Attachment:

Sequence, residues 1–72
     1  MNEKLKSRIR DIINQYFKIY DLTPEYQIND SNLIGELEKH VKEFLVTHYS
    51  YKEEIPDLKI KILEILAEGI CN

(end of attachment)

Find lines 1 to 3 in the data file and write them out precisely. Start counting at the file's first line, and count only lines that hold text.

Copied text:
Sequence, residues 1–72
     1  MNEKLKSRIR DIINQYFKIY DLTPEYQIND SNLIGELEKH VKEFLVTHYS
    51  YKEEIPDLKI KILEILAEGI CN